Over the last six months, Kolterman has tried to position L.B. 720 for swift passage in January, securing support from fellow lawmakers and Gov. Pete Ricketts (R), a strong supporter of Nebraska Advantage. The Nebraska Chamber of Commerce & Industry held a press conference in November touting L.B. 720 and launching a website titled Good for Nebraska. The group says Nebraska incentive programs dating back to 1987 had created 110,000 jobs and brought $35 billion in qualified investment to the state.
The measure may be a tough sell in the Legislature, however, if the past is a guide.
A coalition of interests united against it during the 2019 session, including the Nebraska Farm Bureau and economic policy watchdogs. L.B. 720 hit a brick wall during the final minutes of the 2019 session after lawmakers from rural districts withdrew their support, angered by the defeat of a separate bill promising $100 million in property tax relief through new taxes on soda, candy, bottled water, and consumer services.
Even if supporters of L.B. 720 are able to finesse a compromise to reduce property taxes, Friesen and Erdman said the state needs to address fundamental flaws. They say Nebraska Advantage fails to attract businesses from outside the state and it saddles Nebraska with costly long-term tax expenditures.
“Right now we have no caps and we aren’t really in control. There are a lot of outstanding earned credits that have not been redeemed yet,” Friesen said.
Report Highlights Flaws
A report by the state’s Legislative Performance Audit Committee in April identified program problems:
- Benefits awarded between 2008 and 2017 totaled $1.2 billion. Of that total, $705.2 million in tax benefits had been claimed by 135 projects, and $497 million were yet to be used.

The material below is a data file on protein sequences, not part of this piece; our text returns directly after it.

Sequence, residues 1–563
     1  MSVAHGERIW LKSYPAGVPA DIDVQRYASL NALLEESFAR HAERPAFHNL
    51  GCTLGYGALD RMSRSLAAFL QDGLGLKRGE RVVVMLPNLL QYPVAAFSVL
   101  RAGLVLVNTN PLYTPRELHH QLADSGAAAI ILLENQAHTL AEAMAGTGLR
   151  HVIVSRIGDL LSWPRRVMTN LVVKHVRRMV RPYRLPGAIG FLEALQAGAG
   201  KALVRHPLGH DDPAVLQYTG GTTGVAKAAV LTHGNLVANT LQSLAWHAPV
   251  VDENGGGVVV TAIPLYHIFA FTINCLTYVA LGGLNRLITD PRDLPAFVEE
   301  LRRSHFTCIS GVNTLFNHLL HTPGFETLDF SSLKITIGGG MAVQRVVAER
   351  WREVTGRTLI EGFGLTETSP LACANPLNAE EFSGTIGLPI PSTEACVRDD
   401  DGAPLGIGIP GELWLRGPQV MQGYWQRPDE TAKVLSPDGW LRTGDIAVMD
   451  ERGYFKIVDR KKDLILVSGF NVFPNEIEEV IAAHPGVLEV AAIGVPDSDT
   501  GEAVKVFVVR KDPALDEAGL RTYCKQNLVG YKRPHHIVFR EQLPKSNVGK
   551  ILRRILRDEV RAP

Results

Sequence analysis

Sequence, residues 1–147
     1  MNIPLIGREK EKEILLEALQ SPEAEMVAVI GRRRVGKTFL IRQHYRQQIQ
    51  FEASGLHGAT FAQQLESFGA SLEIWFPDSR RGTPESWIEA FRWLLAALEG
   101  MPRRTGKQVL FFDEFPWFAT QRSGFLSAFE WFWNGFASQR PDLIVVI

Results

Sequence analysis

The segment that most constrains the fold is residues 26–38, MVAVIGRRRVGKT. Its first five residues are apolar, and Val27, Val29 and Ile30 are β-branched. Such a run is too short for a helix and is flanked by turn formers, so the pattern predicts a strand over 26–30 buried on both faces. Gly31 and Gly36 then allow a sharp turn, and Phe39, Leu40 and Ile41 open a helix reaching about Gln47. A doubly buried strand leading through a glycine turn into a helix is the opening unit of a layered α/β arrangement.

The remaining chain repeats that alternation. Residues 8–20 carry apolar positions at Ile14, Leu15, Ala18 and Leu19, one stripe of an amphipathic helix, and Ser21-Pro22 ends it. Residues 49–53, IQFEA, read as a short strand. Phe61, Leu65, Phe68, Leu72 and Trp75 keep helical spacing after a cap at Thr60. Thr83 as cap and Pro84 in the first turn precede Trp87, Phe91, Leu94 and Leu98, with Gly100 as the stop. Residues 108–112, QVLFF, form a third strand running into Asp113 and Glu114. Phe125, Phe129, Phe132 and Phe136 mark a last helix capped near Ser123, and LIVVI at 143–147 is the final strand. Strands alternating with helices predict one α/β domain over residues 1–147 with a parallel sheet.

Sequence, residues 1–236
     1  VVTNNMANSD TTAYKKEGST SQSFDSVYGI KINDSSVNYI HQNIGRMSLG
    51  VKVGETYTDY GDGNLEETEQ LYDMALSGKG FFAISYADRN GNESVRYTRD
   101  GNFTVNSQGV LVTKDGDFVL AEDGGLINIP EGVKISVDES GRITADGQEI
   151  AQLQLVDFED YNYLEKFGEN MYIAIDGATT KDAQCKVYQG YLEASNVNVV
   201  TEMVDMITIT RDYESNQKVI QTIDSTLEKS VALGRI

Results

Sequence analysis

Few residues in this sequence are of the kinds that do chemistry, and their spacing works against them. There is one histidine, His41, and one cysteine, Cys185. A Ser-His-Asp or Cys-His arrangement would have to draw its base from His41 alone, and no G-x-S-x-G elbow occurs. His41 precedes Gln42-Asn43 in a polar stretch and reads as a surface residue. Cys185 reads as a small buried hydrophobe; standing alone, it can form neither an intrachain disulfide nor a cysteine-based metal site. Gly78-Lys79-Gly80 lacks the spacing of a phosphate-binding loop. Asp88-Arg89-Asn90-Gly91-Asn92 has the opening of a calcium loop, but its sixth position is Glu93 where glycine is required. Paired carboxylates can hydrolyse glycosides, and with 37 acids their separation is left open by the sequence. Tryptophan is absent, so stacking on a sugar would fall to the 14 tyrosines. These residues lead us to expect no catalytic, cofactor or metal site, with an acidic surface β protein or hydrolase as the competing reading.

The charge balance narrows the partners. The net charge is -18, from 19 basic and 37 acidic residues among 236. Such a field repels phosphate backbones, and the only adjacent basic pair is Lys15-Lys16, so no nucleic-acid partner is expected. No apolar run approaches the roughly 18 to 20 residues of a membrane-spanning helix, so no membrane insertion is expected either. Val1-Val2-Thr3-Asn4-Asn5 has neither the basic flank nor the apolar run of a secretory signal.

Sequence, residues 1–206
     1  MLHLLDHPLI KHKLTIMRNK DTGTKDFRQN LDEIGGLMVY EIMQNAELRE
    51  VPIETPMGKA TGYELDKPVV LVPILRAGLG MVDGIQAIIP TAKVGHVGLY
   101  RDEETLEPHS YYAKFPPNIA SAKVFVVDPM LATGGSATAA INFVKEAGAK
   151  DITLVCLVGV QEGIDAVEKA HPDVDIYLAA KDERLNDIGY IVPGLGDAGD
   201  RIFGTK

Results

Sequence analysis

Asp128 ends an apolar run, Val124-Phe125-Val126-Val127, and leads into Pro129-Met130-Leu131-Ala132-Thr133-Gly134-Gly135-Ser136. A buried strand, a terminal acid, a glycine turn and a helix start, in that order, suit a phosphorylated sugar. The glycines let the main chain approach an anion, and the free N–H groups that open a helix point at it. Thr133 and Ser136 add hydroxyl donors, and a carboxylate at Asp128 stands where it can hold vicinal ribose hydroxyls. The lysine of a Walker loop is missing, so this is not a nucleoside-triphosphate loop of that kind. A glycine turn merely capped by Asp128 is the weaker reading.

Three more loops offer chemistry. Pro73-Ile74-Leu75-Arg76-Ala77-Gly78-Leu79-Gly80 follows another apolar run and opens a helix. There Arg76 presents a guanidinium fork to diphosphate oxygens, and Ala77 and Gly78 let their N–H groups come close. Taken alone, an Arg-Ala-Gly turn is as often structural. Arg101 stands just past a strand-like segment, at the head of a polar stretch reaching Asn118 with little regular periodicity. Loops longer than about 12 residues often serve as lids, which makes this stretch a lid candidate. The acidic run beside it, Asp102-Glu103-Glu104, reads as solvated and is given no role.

- Only 10% of businesses receiving benefits were new to Nebraska.
- Nebraska Advantage costs the state, in forgone tax revenue, much more than the $24 million to $60 million annually originally projected. The report shows tax expenditures of $126 million for 2013, $76.7 million for 2014, $102.6 million for 2015, $142.3 million for 2016 and $97.5 million for 2017.
The Open Sky Policy Institute, a nonpartisan fiscal policy think tank, pointed to some of the same problems in a policy brief in May. Regarding cost, Open Sky pointed to Revenue Department projections showing the state would forgo more than $1.5 billion in revenue over the next decade when the full cost of L.B. 720 is added to the balance of credits already promised. Open Sky concluded L.B. 720, “would likely continue Nebraska’s tradition of costly and questionably effective tax incentive programs.”
Open Sky called for L.B. 720 to be restructured, imposing caps on benefits to ensure predictability. The group also called on the state to exercise more discretion to ensure benefits go to high-impact projects.
Nebraska Advantage gets mixed reviews from the Pew Charitable Trusts, which analyzes state economic development programs. Pew considers the program a leader nationally with regard to its audit and evaluation processes. But Pew faulted its structure and execution, saying there is a need for annual limits on benefits and a discretionary review process.
“They are promising incentives over a number of years and there is no limit on the size of those commitments. So the state is taking on liabilities of hundreds of millions of dollars on a going forward basis,” said Josh Goodman, an analyst with Pew’s state fiscal health program.